Brazil’s Different Types of E-Invoices
Brazil was one of the pioneers in terms of e-invoicing in Latin America – around the world – as the country introduced a total clearance model for e-invoicing back in 2005.
Although the Brazilian e-invoices clearing systems are relatively mature and stable, both the tax regulations and the clearing process for e-bills are still considered to be the most complex in the world of Continuous Transaction Controls (CTC).
1) There are different types of e-invoices, and content and digital signature requirements vary by region
Depending on whether it is goods, services, transport, freight services, or electricity, different types of e-invoices are required:
- Goods (NF-e)
- Services (NFS-e)
- Transport services (CT-e)
- Freight (MDF-e), SPED, REINF
- Power supply (NF3e)
Not only do certain industries require specific XML formats, each with their requirements for the information they must contain, but multiple parties are involved before the electronic invoice can be released.
Before an electronic invoice can be authorized by the tax office responsible for the regional area of the supplier, the supplier must electronically sign the invoice. This requires a digital certificate, which is provided by state-accredited local Brazilian certification bodies.
All of this means that the taxpayer ends up having to send a huge amount of data to comply with tax regulations.
2) Regulations sometimes apply nationwide, sometimes at the state level, sometimes at a community level
Brazil is a federation made up of 26 states and a federal district. These are covered by a total of thirteen different State Tax Offices (PT: “Secretaria da Fazenda Estadual – SEFAZ”). Each SEFAZ is responsible for providing E-Invoicing Web Services (WS) to registered taxpayers in their respective states under their jurisdiction. Some SEFAZ uses the same e-invoicing platform, while others have their platform. Anyone who has followed the recent implementation of B2G E-Invoicing in Germany will recognize some parallels in the complexity caused by the regulations and portals implemented at the country level.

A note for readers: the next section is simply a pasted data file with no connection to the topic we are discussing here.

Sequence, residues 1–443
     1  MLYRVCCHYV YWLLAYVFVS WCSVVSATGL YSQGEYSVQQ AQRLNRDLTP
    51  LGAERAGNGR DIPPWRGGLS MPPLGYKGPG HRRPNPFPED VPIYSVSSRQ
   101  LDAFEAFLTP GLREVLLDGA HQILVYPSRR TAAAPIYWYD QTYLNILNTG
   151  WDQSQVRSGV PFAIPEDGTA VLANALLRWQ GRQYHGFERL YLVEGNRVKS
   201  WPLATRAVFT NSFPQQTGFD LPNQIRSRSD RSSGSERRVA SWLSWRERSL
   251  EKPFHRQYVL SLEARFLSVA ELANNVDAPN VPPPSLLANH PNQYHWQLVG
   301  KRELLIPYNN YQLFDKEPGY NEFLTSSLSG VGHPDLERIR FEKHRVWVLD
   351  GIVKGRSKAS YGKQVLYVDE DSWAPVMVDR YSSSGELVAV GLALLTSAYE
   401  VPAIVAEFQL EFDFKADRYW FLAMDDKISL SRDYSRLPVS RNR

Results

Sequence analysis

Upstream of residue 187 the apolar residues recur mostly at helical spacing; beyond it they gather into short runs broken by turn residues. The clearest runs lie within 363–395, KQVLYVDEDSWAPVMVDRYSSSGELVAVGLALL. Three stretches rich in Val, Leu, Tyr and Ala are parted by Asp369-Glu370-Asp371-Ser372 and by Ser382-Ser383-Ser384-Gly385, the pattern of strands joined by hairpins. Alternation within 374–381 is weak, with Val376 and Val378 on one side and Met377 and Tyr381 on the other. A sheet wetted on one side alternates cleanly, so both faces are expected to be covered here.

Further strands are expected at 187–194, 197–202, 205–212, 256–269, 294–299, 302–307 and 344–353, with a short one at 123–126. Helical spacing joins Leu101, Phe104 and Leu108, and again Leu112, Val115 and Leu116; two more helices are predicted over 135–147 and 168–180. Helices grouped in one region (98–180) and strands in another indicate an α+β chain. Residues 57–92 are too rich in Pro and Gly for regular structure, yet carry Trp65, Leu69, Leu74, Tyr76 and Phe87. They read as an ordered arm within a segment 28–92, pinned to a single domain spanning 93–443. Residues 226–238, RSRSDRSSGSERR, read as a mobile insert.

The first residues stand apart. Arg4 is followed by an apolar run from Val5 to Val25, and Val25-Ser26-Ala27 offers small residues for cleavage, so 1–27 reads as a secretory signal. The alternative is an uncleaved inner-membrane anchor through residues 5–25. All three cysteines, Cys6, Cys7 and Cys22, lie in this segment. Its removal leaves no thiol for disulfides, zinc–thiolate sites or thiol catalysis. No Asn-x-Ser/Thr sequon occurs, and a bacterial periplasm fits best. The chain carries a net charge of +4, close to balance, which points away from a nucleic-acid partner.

To illustrate the diversity, here are a few examples:
As a rule, an NF-e is an e-invoice that is issued for transactions with physical goods. These transactions are taxed at the state level. The NF-e is subject to the same set of rules throughout the country, regardless of the municipality or federal state from which the delivery originates or for which it is intended.
An NFS-e is an e-invoice that is issued for transactions with services. These transactions are taxed at the level of approximately 5500 municipalities and cities in Brazil. However, the requirements for the NFS-e also vary from municipality to municipality. This makes it a real challenge for electronic invoices for services to meet the legal and tax requirements specified by the portal of the respective regional tax authority. The automated sending of service invoices requires web service integration. Suppliers must also issue provisional invoices (Provisional Receipt of Service or RPS) (Recibo Provisório de Serviço). Some municipalities require the RPS to be electronically signed (e.g.,Sao Paulo). Some municipalities use digital certificates for authentication for the web service (e.g., Rio de Janeiro) or just for access to the municipal portal.
Once the RPS is approved, it needs to be converted into the NFS e-invoice. There is no time to lose, as the statutory deadlines differ from municipality to municipality and if the NFS-e is not drawn up on time, this can result in a fine.
3) PDF versions of XML e-Invoices are also required and there are specific rules for doing this.
Not only does the e-invoice follow a specific, legally prescribed XML structure, but also the PDF versions.
When goods are in transit, they must be accompanied by a human-readable PDF version of the XML e-invoice. There are several specific structures,
- DANFE for NF-e,
- DACTE for CT-e and
- DANF3E for NF3e.
4) E-invoices must be archived electronically.
According to Brazilian tax law, invoices must be electronically archived for 5 years.
These must be SEFAZ-authorized, signed XML documents.
In addition, the associated DANFE (etc.) must be saved in PDF format in case there are problems with the invoice itself.
5) When the invoice is finally issued, the buyer must validate it.
Once the buyer has received the invoice, they must validate it before it can be recognized as a document that can be written off for tax purposes. In addition to validating the invoice, buyers in certain industries must also issue a confirmation, known as Manifestação do Destinatário (Acknowledgment of Receipt), in which the buyer states whether the invoice covers what has been delivered. This only goes to the tax authorities, not to the sender.
* It has been translated into English from www.blog.seeburger.com/de.